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Interim Design Assessment for the Blue Grass Chemical Agent Destruction Pilot Plant This report is the committee’s assessment of the initial design for BGCAPP.1 The BGAD stockpile consists of M55 rockets that contain GB or VX, reconfigured 155-mm projectiles that contain VX, 155-mm projectiles containing Levinstein mustard agent (H) and bursters, and reconfigured 8-inch projectiles containing GB. BRIEF DESCRIPTION AND ASSESSMENT OF THE BGCAPP INITIAL DESIGN PMACWA awarded the contract for a chemical weapons destruction facility to the Bechtel Parsons Blue Grass Team, which is expected to design, construct, operate, and eventually close the pilot plant facility upon completion of its mission.2 The committee believes that the contractor’s initial technical risk assessment has identified the main technical risks and developed appropriate plans to address them. The major steps in the destruction processes that will be used at BGCAPP are illustrated in Figure ES-1. Initially, the munitions on their storage pallets are transported from the storage igloos to the BGCAPP, where they are unpacked and the packaging material (dunnage) is separated from the munitions. Rockets are then conveyed to one of two rocket shear machines (RSMs) in separate explosion containment rooms (ECRs). The RSM punches holes in the top and bottom of the agent cavity to drain out the agent. A high-pressure water wash removes any remaining solidified heels or residuals. The agent is transferred to storage tanks to await processing. Rockets, contained within their fiberglass shipping/firing tube, are then cut into nine segments by a modified baseline RSM that uses a rotary disc cutter at cut points 4 and 8 and a guillotine-like blade at all other cut points. The locations of the cuts and the method of cutting were selected to minimize the amount of aluminum that will be sent to the energetics batch hydrolyzers (EBHs). The committee is concerned that one of the cuts (cut number 4) is to be done very close to the igniter of the rocket motor and must be very precisely placed, even though the rocket has as much as a half-inch of play within its shipping/firing tube. The Bechtel Parsons Blue Grass Team is reviewing this process and is expected to modify it to reduce the hazard. The use of a rolling disc pipe cutter instead of hydraulic shear is being considered as one means to achieve a more precise cut. The energetics from the rockets, which include warhead segments containing burster charge segments and fuzes and rocket motor segments containing propellant, are placed in bins and transferred using multiaccess robotic arms to 16 EBHs for treatment. The rocket motor segments are placed in bins separate from those containing the warhead and tailfin pieces and are delivered to the EBHs in a specified sequence. The EBHs are large rotating vessels similar to those found on concrete trucks. The flights within the EBHs mix munition pieces with caustic solution. The propellant is processed separately from the other energetics. First, water and caustic solution are added to an EBH. Then, the rocket motor segments are added and processed for 2 hours. The warhead and tailfin segments are then added and processed for 4 hours. At the end of this time, undissolved materials, consisting of firing tube pieces, burster wells, and metal parts from the rockets, are removed by reversing the direction of rotation of the EBH. When all the solids have been removed, the rotation speed of the EBH is increased to remove the hydrolysate, which is sent to one of the three energetics neutralization reactors (ENRs) dedicated to each of two lines of eight EBHs (six ENRs in all). Given the residence times in the EBHs, the committee believes energetics will have been completely destroyed before being sent to the ENRs. Employment of three ENRs per EBH line may therefore be overly conservative. The hydrolysate in the ENRs is sampled and tested by differential scanning calorimetry to verify that agent and energetic materials have been destroyed to acceptably low levels. The criterion for agent destruction is 99.9999 percent. The specific criterion for energetics is still to be determined but will be well below the level at which the hydrolysate would pose an explosion hazard. When these criteria are met, the hydrolysate is transferred to storage tanks awaiting treatment in the supercritical water oxidation (SCWO) reactors. Normally, one EBH in each line is a spare. The committee believes that a review of the sizing of the post-EBH components of the energetics hydrolysis system and of the number of EBHs may be warranted, 1   The committee produced a similar report on the initial design for the Pueblo Chemical Agent Pilot Plant (PCAPP), which was published in January 2005. 2   Unless otherwise indicated, information is drawn from Bechtel Parsons (2004a) and from the BGCAPP munitions demilitarization building (MDB) intermediate design briefing by the Bechtel Parsons Blue Grass Team to the BGCAPP MDB design review, Aberdeen Proving Ground, Md., February 15, 2005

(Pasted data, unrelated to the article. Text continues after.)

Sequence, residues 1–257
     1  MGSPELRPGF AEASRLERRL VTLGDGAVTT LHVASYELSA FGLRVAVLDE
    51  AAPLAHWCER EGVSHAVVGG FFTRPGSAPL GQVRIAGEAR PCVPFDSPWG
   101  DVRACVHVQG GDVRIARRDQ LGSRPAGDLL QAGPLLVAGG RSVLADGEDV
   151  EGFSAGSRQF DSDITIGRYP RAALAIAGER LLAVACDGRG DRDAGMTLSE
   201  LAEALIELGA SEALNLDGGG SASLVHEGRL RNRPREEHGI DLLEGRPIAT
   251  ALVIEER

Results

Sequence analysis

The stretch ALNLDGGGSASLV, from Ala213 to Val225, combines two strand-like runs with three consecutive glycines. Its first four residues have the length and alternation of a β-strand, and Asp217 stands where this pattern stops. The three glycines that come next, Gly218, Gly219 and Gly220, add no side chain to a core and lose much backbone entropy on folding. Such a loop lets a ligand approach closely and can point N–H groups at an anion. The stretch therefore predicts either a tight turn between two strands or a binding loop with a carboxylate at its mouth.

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Interim Design Assessment for the Blue Grass Chemical Agent Destruction Pilot Plant FIGURE ES-1 Block flow diagram for BGCAPP: ANS, agent neutralization system; DSH, dunnage shredding and handling; AFS, aluminum filtration system; WRS, water recovery system. SOURCE: Adapted from John Ursillo, BGCAPP Process Design/TRRP Manager, “Process design overview,” briefing to the committee on September 22, 2004. especially in light of the new analytical methods for verifying agent and energetics destruction. Metal parts from the EBHs are sent to the heated discharge conveyor (HDC), which is similar to the HDC used in the baseline systems. The HDC heats the metal parts to 1000°­F for at least 15 minutes, after which they are cooled and sent to storage, where they await disposal. Projectiles containing GB will be treated after all the rockets containing GB have been destroyed. Similarly, projectiles containing VX will be processed after the rockets containing VX. From the unpack area, the projectiles are sent to a linear projectile/mortar disassembly (LPMD) machine located in one of the ECRs. The Bechtel Parsons Blue Grass Team has selected a commercial off-the-shelf robotic machine to replace the circular projectile/mortar disassembly machines at chemical disposal facilities using baseline incineration technology. In the LPMD, the lifting lugs, fuze cups, and burster charge are removed. Prior testing of the new LPMD machines for PCAPP has shown that they will be an effective, reliable, and maintainable means of removing the energetics from the projectiles stored at BGAD. Projectiles without bursters are processed in a nose closure removal (NCR) station. The NCR station is derived from the projectile/mortar disassembly machine used in baseline facilities. From the LPMD and NCR, the projectile bodies, still containing agent sealed in the body by the burster well, proceed to the munitions washout system (MWS). Robots handle the projectiles in the MWS, where each projectile is first weighed and then placed in one of the cavity access machines (CAMs) of the MWS. A hydraulic ram shoves and crimps the burster well into the projectile body. The agent is drained and a high-pressure water spray nozzle on the hydraulic ram washes out any remaining residue while the projectile body is rotated. The emptied projectile body is weighed again to verify the mass of agent removed for Chemical Weapons Convention (CWC) treaty compliance. The agent is stored until ready for processing. Offgas